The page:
Pierce College Dental Hygiene students

Is Dental Hygiene for Me?

Make an Informed Decision

If you are considering studying dental hygiene, we encourage you to learn as much as possible about the profession. In addition to reviewing the information provided here, we recommend that you observe and speak with a dental hygiene advisor and a Registered (Licensed) Dental Hygienist (RDH). Ask questions about the benefits of the profession, why they chose this career, skills needed for success, work ethic, etc.

We also offer free informational sessions twice a year in summer and fall quarters. The next sessions are on the following dates:

  • Tuesday, May 29, 2018, 4:30 p.m.
  • Wednesday, October 24, 2018, 3 p.m.

Location for both sessions:

Pierce College Fort Steilacoom
Cascade Building, Level Three, Room 332
9401 Farwest Dr. SW
Lakewood, WA 98498

What Is a Dental Hygienist?

A dental hygienist is a licensed health professional dedicated to the prevention and treatment of oral diseases who has completed a professional course of study and passed all local, state, and national examinations.

In the State of Washington, Registered Dental Hygienists are oral health practitioners, educators, researchers, etc. who perform all aspects of treating and preventing gingival and periodontal diseases (gum disease), including the administration of local anesthesia and nitrous oxide sedation. Additionally, dental hygienists in Washington State have an expanded practice act allowing them to perform select restorative procedures — the placing and finishing of amalgam and composite fillings. The Program prepares you for the full scope of dental hygiene practice in WA State. Please refer to the Practice Act, Chapter 18.29 RCW.

Characteristics of a Good Dental Hygienist

  • Behaves ethically, with integrity, intellectual ability, physical competency, and personal responsibility.
  • Takes responsibility for one's own learning and is accountable for one's own actions.
  • Communicates effectively (reading, writing and verbally/non-verbally).
  • Enjoys and demonstrates success in various fine motor skills.
  • Demonstrates sufficient emotional, mental, and physical stamina to withstand the stresses and uncertainties that characterize the practice of dental hygiene.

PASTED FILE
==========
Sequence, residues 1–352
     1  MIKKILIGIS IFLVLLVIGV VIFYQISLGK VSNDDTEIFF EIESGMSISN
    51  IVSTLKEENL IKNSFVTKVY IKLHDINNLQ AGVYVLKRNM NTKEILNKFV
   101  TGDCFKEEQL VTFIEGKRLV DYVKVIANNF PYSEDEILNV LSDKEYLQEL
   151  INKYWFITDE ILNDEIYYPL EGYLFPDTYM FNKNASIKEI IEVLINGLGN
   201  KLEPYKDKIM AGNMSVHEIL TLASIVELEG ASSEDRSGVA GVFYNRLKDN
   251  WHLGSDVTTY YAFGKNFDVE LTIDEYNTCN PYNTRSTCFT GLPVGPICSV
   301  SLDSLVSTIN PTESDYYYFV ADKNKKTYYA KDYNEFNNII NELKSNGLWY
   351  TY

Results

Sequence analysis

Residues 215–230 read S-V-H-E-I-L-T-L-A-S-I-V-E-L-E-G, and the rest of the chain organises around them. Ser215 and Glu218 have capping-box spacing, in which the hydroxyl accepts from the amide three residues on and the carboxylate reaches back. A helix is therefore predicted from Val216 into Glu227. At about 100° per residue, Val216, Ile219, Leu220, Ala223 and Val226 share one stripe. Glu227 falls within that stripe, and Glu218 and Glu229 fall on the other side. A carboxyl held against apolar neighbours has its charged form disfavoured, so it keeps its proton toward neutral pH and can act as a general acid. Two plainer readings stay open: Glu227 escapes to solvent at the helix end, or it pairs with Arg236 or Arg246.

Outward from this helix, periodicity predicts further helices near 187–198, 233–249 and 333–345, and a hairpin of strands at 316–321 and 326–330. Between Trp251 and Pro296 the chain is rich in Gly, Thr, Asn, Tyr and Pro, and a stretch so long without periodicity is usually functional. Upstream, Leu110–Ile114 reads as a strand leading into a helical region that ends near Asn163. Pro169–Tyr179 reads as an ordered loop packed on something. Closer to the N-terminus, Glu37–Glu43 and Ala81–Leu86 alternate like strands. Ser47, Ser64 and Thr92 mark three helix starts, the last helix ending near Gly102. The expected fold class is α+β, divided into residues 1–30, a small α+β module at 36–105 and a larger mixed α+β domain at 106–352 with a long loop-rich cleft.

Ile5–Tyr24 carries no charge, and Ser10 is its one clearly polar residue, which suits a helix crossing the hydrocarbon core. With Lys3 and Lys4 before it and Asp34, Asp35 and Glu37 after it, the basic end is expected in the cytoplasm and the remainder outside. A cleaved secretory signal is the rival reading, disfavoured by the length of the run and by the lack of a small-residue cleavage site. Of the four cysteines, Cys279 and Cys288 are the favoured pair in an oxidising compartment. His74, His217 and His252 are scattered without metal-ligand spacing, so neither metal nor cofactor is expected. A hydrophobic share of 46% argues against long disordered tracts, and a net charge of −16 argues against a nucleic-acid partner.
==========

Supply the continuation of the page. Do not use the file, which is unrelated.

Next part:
• Is inquisitive/intrigued about the oral environment (mouth, teeth, tissue, and its relationship to the whole body).
  • Enjoys interacting with people and shows compassion and caring, placing the patient's welfare first.
  • Can disregard or at least tolerate oral mouth odors and blood, food debris, etc., in the mouth.
  • Respects one’s self and others' views and rights.
  • Is organized and detailed.

Dental hygienists are responsible, by law WAC 246-815-160, to the people of the State of Washington, for specific standards of dental hygiene conduct.

Criminal Background Policy (At Time of Application)

All program applicants must submit to a criminal background check at the time of application. Applicants with felony convictions are not eligible to participate in the Bachelor of Applied Science in Dental Hygiene (BASDH) program courses at Pierce College. Applicants with felony convictions will have their application invalidated. See the Washington Criminal Code for a list of crimes considered felonies.

Should the college/program deem you a valid applicant, despite non-felony convictions, and offer you an admission into the BASDH program, it is the your FULL responsibility to determine your eligibility for dental hygiene licensure through the Department of Licensing before commencing a course of study in Dental Hygiene, and if able, clear a criminal history. Please contact the Washington State Department of Health for further information at (360) 236-4700.

Department of Licensing Contact Information

Identification of Positive Criminal History—Washington State Criminal History Repository Department of Health—Licensing Application. DOH conducts criminal background check on every applicant for licensure (DH Program, dentistry, etc.)

  • Applicants must answer the DOH Information Data Sheet with integrity and honesty. Future licensure is at great risk if false information is submitted.
  • With positive criminal history, the applicant must include all reports and court documents along with detailed and complete explanations, with the application for Washington State Licensure.
  • Positive criminal history cases are submitted to a DOH review panel, where decisions regarding licensure (and possible stipulations) are determined.
  • Each case identifying positive criminal history is managed as an individual case. License stipulations may be obligatory if patient harm is potential.
  • Applicants with positive criminal history should attempt to get the violation records expunged (after a specified time, some records may be expunged).

Occupational Hazards